The orange circles show popular leverage rates 1, 2, 3, and just for show, 4. It can be seen that increasing leverage from zero to 1 increases the annualised return as would be expected. But then, contrary to what the myth propagators say, increasing the leverage even further still keeps increasing the returns.
There is nothing magic about the leverage value 1. There is no mathematical reason for returns to suddenly level off at that leverage. The myth propagators are wrong. Leveraged ETFs can be held long term (unless you think that 135 years isn’t long term).
We can see that returns do drop off once leverage reaches about 2. That is the effect of volatility drag.
What the myth propagators have forgotten is that there are two factors that decide leveraged ETF returns: benchmark returns and benchmark volatility. If the benchmark has a positive return then leveraged exposure to it is good and compensates for volatility drag. Since the return is a multiple of leverage and the drag a multiple of the leverage squared then eventually the drag overwhelms the extra return obtained through leverage. So there is a limit to the amount of leverage that can be used.
The formula for the long term compound annual growth rate of a leveraged ETF cannot be written in terms of just the benchmark return and volatility. It also involves terms containing the skewness and kurtosis of the benchmark. Its derivation and form is published in the paper that accompanies this article. It does not assume that benchmark returns are Gaussian or that returns are continuous as do formulae derived using Ito’s lemma.
But it turns out that for the world’s stock markets and for low levels of leverage (up to about 3) the formula can be approximated by this formula:
R = kμ - ½k2σ2/(1 + kμ)
where R is the compound daily growth rate of the ETF, k is the ETF leverage, μ is the mean daily return of the benchmark, and σ is the daily volatility (i.e. standard deviation) of the daily return of the benchmark.
R is the quantity you use to calculate the long term buy-and-hold return of the ETF. You can see from the formula that if the volatility is zero then R = kμ so that the return of the ETF is k times the return of the benchmark. The ½k2σ2/(1 + kμ) term is the volatility drag. Since k2σ2 is always positive and (1 + kμ) is always close to 1 then the volatility drag is always positive. Unfortunately.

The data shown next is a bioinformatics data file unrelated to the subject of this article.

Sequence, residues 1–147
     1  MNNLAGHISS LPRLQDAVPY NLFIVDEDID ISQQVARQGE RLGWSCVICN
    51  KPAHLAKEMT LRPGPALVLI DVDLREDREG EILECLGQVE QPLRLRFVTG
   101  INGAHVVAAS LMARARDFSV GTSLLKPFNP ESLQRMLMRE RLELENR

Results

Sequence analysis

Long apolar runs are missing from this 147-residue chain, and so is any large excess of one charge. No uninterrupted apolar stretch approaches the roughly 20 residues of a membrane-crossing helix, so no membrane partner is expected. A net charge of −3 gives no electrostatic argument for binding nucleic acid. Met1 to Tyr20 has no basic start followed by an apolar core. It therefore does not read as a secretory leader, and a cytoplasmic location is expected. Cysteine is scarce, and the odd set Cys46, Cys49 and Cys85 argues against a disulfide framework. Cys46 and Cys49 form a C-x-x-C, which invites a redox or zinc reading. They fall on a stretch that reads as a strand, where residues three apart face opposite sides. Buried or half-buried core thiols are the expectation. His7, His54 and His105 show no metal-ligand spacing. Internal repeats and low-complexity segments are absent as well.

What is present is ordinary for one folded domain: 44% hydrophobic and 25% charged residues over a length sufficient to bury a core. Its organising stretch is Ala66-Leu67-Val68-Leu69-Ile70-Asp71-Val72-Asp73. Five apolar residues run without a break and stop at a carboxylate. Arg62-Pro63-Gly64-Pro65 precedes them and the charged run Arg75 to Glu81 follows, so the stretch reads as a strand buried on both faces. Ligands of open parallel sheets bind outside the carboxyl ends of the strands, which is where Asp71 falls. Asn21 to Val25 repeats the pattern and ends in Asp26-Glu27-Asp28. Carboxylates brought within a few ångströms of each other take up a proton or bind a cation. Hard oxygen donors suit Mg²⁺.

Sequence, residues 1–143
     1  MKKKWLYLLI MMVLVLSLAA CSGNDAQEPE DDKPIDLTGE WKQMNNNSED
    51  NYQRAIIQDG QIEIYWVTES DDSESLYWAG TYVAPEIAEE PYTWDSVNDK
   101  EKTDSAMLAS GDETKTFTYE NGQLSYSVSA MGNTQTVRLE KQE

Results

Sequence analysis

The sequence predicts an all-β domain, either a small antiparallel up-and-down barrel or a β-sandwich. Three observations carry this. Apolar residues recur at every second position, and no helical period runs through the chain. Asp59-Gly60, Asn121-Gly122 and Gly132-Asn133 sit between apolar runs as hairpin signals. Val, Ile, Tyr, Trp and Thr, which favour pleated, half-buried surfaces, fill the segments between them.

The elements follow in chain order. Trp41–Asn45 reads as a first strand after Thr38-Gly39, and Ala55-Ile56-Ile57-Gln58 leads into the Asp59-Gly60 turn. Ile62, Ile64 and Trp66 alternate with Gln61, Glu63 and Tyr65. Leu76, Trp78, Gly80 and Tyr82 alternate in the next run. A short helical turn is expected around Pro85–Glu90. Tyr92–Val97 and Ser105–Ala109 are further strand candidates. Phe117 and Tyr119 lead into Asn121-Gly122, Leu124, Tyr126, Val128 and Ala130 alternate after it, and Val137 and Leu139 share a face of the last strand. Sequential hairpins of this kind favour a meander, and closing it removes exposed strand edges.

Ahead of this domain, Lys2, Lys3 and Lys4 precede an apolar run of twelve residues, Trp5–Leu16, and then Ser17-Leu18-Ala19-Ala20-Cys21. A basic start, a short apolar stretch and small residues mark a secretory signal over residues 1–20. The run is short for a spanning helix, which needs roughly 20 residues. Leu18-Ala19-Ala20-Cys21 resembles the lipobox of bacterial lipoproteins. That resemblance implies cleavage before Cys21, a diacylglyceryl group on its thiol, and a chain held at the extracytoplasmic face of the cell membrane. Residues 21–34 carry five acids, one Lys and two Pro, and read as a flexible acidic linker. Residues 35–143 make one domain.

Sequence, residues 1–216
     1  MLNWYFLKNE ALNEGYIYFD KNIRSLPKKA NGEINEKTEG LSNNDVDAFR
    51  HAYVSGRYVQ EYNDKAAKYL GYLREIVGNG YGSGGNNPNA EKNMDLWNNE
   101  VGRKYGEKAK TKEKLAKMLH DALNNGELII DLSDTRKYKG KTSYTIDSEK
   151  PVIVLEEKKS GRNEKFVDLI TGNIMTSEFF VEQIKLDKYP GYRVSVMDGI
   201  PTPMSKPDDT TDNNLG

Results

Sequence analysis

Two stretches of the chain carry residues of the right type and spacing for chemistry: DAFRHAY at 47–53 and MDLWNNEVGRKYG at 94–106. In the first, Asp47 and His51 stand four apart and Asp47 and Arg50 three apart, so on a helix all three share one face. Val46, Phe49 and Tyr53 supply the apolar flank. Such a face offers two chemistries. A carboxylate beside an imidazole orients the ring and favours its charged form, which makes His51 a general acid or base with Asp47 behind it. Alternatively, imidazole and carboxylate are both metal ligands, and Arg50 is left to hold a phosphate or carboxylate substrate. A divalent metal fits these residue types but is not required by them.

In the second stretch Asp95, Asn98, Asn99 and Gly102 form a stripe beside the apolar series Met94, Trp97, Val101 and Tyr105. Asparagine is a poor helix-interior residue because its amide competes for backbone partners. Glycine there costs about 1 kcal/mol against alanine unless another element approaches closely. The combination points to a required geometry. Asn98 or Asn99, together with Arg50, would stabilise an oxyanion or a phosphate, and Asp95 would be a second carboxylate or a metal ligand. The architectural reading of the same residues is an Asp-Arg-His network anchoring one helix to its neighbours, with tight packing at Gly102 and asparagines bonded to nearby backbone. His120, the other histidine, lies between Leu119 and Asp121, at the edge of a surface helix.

R is a quadratic function of k with a negative coefficient for the square term. That means we will always get the parabola shape shown above and we will always have a maximum for some value of k. Some algebra shows that the maximum is at k = μ/σ2. This clearly shows the return/volatility trade-off that determines the optimal leverage.
This formula (actually the more accurate version including skewness and kurtosis) is discussed at depth in the full paper. It is a formula that occurs in an appropriate form in the Kelly Criterion and Merton's Portfolio Problem. Its appearance here as the result of an optimisation is no surprise.
The following chart plots R versus μ and σ. All three quantities have been annualised since most people are used to thinking in annual returns but they are still daily quantities. The chart can be tricky to understand. But the important point to note is that for a given Daily Return as you move horizontally rightwards on the chart in the direction of increasing Daily Volatility the return R becomes more blue – i.e. R decreases. This is the effect of volatility drag.
The benefit of this chart is that you can plot leveraged ETFs on the chart simultaneously for all leverages k. The numbers 1 to 4 on the chart in the next section show where the points for leverage 1 to 4 lie. Since daily volatility and daily return both increase linearly with k then the varying leverages draw out straight lines across the chart. Since the R contours are curved the straight lines have to cross the curves. Therefore every line has an optimum value of R. That is, there is an optimal leverage for which the long term return is maximised. And that optimum leverage is almost always greater than 1.